May Audio Marketing, owned and managed by Nizar Akhrass, has been a purveyor of audiophile recordings and accessories since . . . well...shortly after Thomas Edison demonstrated the newfangled device called the phonograph. Or at least so it seems. He and his family are still at it, and, in a move that will be applauded by the audiophile community, the organizers of SSI presented Nizar and his wife Alice with a Lifetime Achievement Award at the opening night reception. Well-deserved, I'd say.
I was happy to meet 29-year old Robert DeKoninck, who has been working at Montreal’s Son Ideal hi-fi shop for three years, here seen with Harbeth’s Compact 7ES-3 loudspeaker ($3600 CAN) on Noel Nolan’s Skylan stands ($520 CAN). Robert’s longtime love for music (he’s a drummer) eventually led him to hi-fi; he’s been an audiophile for about seven years. This is encouraging. When I was 22, I had just started working for Stereophile, and I had little idea about what it meant to be an audiophile! Robert says he sees more and more young people coming into the shop, and he’s encouraged by both the resurgence of vinylRobert only listens to vinyl at home and doesn’t even own a CD playerand the latest trends in computer audio. These seemingly disparate interests, he feels, will lead more young people to the hobby.
I first heard the battery-powered amplification from Veloce at the 2009 SSI; this year the Philadelphia-based company was sharing a room with YG Acoustics, whose 3-way Kipod speakers ($38,500/pair) were being driven by the V6 mono 180W amplifiers ($12,500/pair) via Kubala-Sosna Emotion cables. A V.Y.G.R. Baltic M turntable, fitted with a 12" SME 312 tonearm and Air Tight PC-1 cartridge fed Veloce's new LP-1 transformer-based phono module ($3000) and the Veloce Platino LS-1 tube preamp.
The Multi Electronique suite was home to a tasteful, sedate display of Focal loudspeakers and Simaudio electronics, fed by an iMac computer running iTunes: just like home, except these guys had WAV files instead of the AIFFs that I prefer. The music selection was superb, and included the young jazz singer Melody Gardot, whom I hadn't heard before today, and the always interesting Dee Dee Bridgewater. Even without the luxury of an "audiophile" setupwhich is to say, these musical furnishings were arranged in the manner of a normal person's homethe sound of the Focal Chorus 826W ($3795/pair), Moon 3.3 DPX D/A converter ($4000), and Moon 3.3 amplifier ($4000) was utterly charming, and I left my comfy red seat with only the greatest reluctance.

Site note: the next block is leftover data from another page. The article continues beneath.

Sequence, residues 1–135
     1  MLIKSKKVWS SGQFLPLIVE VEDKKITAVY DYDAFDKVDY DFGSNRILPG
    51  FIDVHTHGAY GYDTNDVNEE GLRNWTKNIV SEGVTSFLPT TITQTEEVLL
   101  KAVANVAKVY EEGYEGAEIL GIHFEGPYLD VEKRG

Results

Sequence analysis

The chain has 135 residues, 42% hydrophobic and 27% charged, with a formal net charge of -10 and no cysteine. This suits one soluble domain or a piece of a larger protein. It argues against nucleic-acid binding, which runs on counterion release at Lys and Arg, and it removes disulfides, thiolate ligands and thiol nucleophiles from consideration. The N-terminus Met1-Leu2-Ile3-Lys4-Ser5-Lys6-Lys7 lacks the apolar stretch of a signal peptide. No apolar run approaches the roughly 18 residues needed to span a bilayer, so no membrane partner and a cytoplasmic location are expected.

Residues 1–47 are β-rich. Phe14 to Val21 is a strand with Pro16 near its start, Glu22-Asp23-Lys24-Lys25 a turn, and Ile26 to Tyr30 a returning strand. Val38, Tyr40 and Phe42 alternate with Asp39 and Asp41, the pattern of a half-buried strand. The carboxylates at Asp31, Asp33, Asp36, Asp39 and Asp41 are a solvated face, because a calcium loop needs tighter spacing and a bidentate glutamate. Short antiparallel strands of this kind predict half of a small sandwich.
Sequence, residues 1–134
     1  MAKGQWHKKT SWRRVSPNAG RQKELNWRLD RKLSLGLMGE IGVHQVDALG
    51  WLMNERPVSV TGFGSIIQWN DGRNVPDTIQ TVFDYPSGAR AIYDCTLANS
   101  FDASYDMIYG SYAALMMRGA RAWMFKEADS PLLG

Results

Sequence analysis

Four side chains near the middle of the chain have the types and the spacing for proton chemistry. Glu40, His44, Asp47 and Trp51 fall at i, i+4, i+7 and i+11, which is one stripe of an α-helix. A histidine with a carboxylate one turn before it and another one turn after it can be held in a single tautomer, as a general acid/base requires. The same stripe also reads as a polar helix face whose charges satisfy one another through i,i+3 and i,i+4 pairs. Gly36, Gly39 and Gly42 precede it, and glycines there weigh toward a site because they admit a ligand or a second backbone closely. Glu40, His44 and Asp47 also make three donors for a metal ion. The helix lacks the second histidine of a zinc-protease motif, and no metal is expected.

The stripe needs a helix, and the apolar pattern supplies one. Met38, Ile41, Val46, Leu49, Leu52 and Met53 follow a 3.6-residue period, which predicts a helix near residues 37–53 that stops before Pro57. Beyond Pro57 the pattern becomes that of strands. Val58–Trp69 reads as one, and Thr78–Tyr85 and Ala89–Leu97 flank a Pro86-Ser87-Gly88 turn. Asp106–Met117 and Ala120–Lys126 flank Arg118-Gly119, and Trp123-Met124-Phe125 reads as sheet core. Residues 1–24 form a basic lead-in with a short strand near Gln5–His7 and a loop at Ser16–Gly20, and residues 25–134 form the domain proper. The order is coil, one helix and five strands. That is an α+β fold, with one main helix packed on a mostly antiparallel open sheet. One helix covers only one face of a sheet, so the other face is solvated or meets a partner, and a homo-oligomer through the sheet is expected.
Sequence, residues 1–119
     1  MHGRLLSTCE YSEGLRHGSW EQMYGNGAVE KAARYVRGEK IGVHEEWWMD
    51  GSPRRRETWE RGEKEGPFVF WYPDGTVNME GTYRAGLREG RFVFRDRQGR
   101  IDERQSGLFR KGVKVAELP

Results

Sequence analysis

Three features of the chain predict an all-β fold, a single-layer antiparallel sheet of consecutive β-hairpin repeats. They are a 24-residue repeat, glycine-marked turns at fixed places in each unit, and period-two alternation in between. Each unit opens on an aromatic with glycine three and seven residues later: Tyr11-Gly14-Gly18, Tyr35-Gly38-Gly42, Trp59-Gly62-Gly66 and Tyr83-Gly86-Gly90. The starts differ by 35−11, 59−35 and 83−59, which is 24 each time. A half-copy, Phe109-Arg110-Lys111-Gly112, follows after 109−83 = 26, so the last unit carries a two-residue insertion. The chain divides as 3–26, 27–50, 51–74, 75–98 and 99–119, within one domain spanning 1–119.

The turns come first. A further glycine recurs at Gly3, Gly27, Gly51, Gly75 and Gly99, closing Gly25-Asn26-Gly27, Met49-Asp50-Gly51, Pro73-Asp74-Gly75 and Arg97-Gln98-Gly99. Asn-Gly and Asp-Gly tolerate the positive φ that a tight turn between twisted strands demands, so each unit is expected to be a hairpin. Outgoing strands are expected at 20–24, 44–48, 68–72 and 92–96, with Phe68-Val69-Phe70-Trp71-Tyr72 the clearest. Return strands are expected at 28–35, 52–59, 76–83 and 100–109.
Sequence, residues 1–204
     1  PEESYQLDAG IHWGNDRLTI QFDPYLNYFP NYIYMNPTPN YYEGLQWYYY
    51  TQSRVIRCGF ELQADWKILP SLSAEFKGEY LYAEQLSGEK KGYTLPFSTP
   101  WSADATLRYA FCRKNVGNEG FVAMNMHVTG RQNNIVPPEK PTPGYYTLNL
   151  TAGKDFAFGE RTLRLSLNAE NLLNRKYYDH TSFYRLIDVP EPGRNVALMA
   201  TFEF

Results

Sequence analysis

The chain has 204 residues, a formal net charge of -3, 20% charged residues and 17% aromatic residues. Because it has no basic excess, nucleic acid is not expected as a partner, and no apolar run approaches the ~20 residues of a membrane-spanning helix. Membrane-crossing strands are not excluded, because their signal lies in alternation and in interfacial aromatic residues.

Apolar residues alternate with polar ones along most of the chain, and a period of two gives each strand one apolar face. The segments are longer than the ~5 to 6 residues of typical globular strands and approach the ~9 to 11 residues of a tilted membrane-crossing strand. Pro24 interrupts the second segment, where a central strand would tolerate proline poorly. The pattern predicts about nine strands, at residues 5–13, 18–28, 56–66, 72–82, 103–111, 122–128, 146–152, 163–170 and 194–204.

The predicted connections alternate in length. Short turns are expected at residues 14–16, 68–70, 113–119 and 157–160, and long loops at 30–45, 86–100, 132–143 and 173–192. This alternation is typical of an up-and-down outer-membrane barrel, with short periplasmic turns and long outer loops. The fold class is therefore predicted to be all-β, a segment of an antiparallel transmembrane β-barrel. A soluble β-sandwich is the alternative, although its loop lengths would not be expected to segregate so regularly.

The arrangement of Totem's new Tribe 5 wall-mounted speaker in on of their rooms at SSI raised my eyebrows. I asked Totem's main man Vince Bruzzese what gives? "We must reach out to non-audiophiles!" he said, adding that this was one of the impetuses behind the launch of the "skins" that Art Dudley wrote about above. "By arranging these speakers in an unconventional manner but showing that they can still play music, we reduce the fear non-audiophiles have." (My apologies if my paraphrase didn't capture the passion with which Vince spoke.) But the Trentemoller track I listened to, played on Chord CD transport, DAC, and amplifier, didn't sound any the worse for the unusual speaker setup.
The Luxman L-509u ($10,000) is rated to deliver 120Wpc into 8 ohms, and comes equipped with tone and balance controls, a front-panel headphone jack, MM/MC phono stage, and all kinds of rad buttons, knobs, and meters. No remote, though. You’re gonna have to get up and play with this sweet thing.
I got to see and to hear the legendary Platine Verdier turntable in the Excel Stereo suite, and though language differences and crowd noise confounded my efforts to learn either its current price or the name of the curious birdsong-and-fiddle record being played, I was delighted to see it in use with a proper (12") tonearm and Ortofon SPU pickup head. Seems I didn't leave civilization behind after all!
Coming soon to a salon near you: a 45Wpc integrated amp that even a schoolteacher can afford. Advanced Acoustics, whose products are designed in France and manufactured in China, showed a prototype of their forthcoming MAP-101, which sounded decent driving a nondescript pair of tiny tabletop speakers. And if that sounds like darning with faint praise, consider that Advanced's MAP-101 is intended to sell for only $649. Alors!